Tamar Snyder writing in The Jewish Week:
Noted philanthropist Charles Bronfman and philanthropy expert Jeffrey Solomon have co-authored their first book together, titled “The Art of Giving: Where the Soul Meets a Business Plan” (Wiley), which will be released in early November. There, they argue that philanthropy must be strategic, intentional and – perhaps most importantly – fun. The Jewish Week sat down with the authors at The Andrea and Charles Bronfman Philanthropies office on East 59th Street, where they spoke about the shift from charity to philanthropy, how the Madoff affair has impacted philanthropy and the importance of giving with your mind – not just your heart.
[question:] In this book, you draw the distinction between “old philanthropy” and “new philanthropy.” How do you characterize the basic differences between the two?
Jeffrey Solomon: In the “old philanthropy” model, there was a direct connection between the heart and the check-writing hand. It never went through your head. New philanthropy offers a far greater emphasis on impact.
CB: I’ll give an example. When Katrina happened, my wife was still alive. She said, “Let’s give X to whatever [relief organization].” I said, “How do you know the money will get there?” Sharna Goldseker’s husband, Simon, was working at Jewish Funds for Justice, and he led us to an avenue that went directly to help people build homes. The heart was involved, but the giving went through the head.
[q:] In your book, you often refer to the philanthropist as a “she.” Was that intentional?
CB: We wanted to get over the sexism; we strived for balance.
JS: We’ve observed too often, especially in the Jewish community, a lack of sensitivity toward a variety of diversity issues, gender being at the forefront.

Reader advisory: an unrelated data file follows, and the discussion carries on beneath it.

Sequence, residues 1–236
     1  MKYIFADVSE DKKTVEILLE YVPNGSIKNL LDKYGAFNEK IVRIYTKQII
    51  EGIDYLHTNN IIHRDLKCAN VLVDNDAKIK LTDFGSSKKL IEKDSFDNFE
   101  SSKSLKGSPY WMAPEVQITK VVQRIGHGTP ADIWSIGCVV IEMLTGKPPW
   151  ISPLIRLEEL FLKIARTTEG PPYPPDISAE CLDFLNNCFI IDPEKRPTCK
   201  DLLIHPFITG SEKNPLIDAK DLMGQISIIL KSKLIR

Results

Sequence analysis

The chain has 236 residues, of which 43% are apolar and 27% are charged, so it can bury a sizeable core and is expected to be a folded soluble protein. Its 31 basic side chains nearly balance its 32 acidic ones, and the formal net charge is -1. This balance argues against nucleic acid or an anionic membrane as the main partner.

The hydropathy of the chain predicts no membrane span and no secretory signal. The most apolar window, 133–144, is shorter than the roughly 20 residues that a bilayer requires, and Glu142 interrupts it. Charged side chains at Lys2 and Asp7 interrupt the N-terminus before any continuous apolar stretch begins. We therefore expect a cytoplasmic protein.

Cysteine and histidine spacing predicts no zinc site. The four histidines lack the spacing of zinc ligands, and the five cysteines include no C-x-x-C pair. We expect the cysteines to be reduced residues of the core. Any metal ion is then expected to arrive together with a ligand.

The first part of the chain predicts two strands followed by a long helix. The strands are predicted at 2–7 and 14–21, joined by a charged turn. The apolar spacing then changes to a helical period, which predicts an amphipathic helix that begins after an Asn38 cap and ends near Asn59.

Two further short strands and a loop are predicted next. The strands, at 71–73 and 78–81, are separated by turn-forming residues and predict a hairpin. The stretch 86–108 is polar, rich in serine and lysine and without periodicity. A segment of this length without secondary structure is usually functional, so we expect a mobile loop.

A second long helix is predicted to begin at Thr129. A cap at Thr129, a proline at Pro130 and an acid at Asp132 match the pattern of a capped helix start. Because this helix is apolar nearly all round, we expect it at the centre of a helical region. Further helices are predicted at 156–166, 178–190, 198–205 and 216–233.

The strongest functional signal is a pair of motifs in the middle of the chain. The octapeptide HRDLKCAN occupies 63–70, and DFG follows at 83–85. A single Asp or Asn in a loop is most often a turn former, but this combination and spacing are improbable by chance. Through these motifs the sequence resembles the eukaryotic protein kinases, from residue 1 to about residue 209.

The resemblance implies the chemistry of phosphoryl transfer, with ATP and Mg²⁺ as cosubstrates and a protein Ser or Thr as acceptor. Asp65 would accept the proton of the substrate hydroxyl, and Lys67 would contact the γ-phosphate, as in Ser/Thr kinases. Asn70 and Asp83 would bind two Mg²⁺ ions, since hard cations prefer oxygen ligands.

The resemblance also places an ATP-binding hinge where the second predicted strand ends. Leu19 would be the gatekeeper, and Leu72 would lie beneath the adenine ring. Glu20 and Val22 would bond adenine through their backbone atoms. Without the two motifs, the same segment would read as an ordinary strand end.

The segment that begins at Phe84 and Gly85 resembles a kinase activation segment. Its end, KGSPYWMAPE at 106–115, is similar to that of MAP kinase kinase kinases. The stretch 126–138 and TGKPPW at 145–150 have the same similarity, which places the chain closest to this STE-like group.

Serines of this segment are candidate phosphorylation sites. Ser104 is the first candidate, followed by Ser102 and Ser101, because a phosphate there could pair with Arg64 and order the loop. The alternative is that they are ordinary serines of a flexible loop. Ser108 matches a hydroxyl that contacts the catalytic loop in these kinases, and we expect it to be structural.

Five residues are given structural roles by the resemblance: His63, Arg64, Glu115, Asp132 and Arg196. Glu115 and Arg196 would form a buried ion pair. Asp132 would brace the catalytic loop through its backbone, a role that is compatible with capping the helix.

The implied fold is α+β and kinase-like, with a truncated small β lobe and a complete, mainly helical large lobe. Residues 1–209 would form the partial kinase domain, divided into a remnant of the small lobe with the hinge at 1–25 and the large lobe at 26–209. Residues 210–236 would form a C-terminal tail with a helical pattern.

CB: Philanthropy used to be totally controlled by men. The women’s campaign really revolved around men telling women what they could give. Now it’s different. The glass ceiling really has been broken.
JS: Before it was called “new philanthropy,” it was called women’s philanthropy. Women are more project-oriented and they understood what it was they were giving to. Men tend to be more competitive with their giving and devote less time to it than women do.
[q:] You had the opportunity to invest with Madoff, but wisely chose not to. What are the lingering effects of the Madoff affair on the wider philanthropic world?
JS: Fifty-one foundations died as a result of Madoff, and 143 were injured. It was a philanthropic tsunami. It’s wrong to see it as a Jewish problem; it’s an American tragedy. Research showed that an organization was much more likely to be affected by Madoff if it had a small board. The lesson, though, has been learned. No more than 10 percent of assets should be with any given money manager. And the money you set aside philanthropically is not money you own, but money you steward for society and for the future. It should be treated more conservatively.
Due to the leverage of partnerships, The Andrea and Charles Bronfman Philanthropies have produced more than $200 million worth of programs each year with an investment of under $20 million.
CB: It’s less than that now, about 35 to 40 percent less. We didn’t get caught with Madoff, but we were affected by the general recession.
JS: The total philanthropic field lost $200 billion and will reach 2007 giving levels in 2017. We’re a spend-down foundation and we’re going out of business in 2016.
excerpted from Where The Heart Meets The Mind; posted with permission